Student Loans = Student Debt


This college year has seen a large increase in the number of students taking out loans in order to go to college. As part of an aggressive advance into the student debt market, Bank of Ireland has already agreed schemes to provide “discounted loans” to students in DCU and Trinity, and to postgraduate students across the country (in this case the scheme was negotiated directly with theState) .BofI is also said to be in “advanced discussions” with over 10 other 3rd-level institutions.

After the raising of the so-called ‘registration fee’ (which in reality is tuition fees by another name) to €2,250 over the years of the crisis, many students are now left in a situation where they need credit in order to attend third-level college. Clearly, with the registration fee due to rise to over €3000 in the next few years, the student debt market will only continue to expand.

This should be seen as the ‘thin end of the wedge’ in a creeping privatisation of 3rd level funding. The austerity agenda of the government and the EU/IMF, coupled with a pre-existing neoliberal ideological commitment to transforming public services into businesses which must turn a profit, means that the funding of 3rd level education by means of private credit is an attractive policy. Students are increasingly treated as consumers of a product rather than participants in an educational process which benefits society, and are increasingly expected to act as a revenue source for the state, for universities and for financial institutions.

The upshot of this is that access to education will increasingly depend on students’ (or their parents’) ability to access credit, and to handle the debt burden. In other words: this will function as a barrier to working class students accessing higher education.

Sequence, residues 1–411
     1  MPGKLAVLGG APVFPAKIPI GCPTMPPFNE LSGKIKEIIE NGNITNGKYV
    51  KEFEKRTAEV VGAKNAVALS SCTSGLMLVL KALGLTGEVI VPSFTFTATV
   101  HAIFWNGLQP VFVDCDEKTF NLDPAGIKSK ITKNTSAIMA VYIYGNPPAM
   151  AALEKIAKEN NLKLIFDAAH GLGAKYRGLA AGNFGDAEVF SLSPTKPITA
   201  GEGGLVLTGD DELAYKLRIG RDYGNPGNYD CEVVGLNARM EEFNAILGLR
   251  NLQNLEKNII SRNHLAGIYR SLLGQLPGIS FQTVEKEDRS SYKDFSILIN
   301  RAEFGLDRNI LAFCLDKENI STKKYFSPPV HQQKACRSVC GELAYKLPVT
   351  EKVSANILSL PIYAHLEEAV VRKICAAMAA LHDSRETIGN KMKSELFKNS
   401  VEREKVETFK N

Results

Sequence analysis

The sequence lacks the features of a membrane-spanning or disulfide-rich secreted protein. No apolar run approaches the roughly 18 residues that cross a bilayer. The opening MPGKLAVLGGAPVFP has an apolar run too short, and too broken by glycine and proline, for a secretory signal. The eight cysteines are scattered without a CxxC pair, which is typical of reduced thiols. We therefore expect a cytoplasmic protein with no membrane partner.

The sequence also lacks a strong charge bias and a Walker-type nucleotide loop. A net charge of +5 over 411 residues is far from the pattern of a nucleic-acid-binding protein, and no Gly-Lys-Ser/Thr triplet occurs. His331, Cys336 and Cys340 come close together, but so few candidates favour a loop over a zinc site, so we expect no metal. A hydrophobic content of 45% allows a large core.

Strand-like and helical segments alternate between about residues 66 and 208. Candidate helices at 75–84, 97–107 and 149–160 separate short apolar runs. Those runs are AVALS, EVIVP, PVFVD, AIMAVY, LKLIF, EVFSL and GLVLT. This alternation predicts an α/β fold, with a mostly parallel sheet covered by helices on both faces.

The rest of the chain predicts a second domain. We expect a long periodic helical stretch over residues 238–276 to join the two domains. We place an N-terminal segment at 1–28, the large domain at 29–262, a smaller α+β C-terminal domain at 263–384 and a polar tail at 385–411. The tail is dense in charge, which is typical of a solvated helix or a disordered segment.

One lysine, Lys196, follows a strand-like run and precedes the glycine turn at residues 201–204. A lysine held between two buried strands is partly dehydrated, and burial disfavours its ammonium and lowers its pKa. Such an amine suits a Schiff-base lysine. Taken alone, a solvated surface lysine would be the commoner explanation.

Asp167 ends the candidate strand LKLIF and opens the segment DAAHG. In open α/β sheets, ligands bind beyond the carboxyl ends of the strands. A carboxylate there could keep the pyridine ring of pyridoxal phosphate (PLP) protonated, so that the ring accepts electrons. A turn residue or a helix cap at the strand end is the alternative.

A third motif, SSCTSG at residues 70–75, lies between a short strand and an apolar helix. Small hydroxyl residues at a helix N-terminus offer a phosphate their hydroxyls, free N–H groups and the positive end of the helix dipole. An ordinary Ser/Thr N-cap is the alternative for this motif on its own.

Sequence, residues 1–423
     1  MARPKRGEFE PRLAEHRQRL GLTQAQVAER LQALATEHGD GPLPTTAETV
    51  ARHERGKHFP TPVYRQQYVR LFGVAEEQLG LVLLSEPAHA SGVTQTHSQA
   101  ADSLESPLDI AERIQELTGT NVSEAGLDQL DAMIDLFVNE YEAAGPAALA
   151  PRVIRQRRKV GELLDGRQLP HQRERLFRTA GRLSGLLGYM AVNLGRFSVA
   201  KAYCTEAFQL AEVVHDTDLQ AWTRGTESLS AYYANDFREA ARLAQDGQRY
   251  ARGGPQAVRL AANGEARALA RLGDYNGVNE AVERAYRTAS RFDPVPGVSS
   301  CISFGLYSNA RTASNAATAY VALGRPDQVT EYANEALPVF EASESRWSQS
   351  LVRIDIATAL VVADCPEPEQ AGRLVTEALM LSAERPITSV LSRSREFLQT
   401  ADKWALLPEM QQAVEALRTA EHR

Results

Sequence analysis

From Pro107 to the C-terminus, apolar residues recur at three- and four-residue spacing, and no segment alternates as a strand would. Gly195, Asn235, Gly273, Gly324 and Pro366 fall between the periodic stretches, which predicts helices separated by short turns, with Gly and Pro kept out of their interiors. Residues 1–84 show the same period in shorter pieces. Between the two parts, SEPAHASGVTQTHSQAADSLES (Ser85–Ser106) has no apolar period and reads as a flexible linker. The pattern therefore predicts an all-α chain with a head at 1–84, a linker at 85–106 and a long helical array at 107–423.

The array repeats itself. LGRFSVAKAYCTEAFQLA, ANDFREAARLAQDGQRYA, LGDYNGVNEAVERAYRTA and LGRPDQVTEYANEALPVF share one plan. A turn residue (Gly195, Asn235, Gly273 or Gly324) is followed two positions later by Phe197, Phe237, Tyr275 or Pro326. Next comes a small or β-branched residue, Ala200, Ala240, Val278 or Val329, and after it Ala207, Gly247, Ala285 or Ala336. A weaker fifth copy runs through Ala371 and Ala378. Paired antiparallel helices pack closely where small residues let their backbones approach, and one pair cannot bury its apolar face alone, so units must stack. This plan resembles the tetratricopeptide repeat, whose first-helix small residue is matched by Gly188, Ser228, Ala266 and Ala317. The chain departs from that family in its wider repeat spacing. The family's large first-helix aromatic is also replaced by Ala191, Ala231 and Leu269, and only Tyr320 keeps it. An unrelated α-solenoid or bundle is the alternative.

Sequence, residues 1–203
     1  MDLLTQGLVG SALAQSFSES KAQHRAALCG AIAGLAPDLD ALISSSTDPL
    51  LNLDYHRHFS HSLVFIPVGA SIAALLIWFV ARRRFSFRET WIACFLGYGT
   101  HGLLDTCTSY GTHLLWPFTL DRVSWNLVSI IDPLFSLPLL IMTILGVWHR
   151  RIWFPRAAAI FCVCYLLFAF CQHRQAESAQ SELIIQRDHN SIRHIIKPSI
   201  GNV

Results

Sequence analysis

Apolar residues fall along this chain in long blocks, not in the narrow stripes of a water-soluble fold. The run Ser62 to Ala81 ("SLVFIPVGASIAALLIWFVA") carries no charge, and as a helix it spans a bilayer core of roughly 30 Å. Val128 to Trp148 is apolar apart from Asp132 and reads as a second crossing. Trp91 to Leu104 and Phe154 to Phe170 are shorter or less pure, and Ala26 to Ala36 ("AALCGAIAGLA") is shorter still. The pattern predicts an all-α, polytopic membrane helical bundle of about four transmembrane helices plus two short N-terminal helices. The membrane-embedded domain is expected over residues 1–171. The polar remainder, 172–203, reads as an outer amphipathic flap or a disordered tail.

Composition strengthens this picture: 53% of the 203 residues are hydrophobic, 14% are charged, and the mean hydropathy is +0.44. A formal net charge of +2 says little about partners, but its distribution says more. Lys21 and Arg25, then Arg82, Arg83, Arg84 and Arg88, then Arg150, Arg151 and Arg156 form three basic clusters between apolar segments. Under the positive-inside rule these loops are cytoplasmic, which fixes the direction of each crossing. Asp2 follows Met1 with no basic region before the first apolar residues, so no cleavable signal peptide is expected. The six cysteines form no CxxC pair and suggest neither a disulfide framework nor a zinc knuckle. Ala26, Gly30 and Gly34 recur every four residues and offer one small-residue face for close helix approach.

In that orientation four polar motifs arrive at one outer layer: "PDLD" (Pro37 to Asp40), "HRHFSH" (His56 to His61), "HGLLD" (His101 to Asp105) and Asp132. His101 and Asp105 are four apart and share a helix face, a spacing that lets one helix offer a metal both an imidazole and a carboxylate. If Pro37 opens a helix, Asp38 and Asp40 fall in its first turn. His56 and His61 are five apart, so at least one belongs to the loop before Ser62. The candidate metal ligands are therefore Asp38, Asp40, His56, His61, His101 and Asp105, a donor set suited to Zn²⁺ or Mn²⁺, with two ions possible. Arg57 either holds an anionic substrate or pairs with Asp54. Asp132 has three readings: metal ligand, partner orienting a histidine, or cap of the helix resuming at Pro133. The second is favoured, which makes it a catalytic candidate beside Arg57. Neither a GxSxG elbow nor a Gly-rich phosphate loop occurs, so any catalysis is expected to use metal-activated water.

So far, political opposition from the student unions and the Union of Students in Ireland has focused on the details of the plan rather than on the issue of free education. USI have criticised the ‘punitive’ interest rates being charged to students (around 10%) and have raised issues around access to loans, but have thus far remained relatively mute on the wider political issue of who should pay for education (despite being mandated by students to fight for free fees funded entirely by the Exchequer).

As anarchists, we oppose the reshaping of education to the logic of the markets and oppose all class barriers to education. However, we also recognise that this can only be achieved if students organise, in solidarity with other working class people, and take direct action to fight for our right to an education.

WSM members are involved in Free Education for Everyone, a grassroots campaign of students, education workers, and others affected by these issues, which opposes the neoliberal restructuring of education.

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This article appeared in
Workers Solidarity 128 - Nov/Dec 2012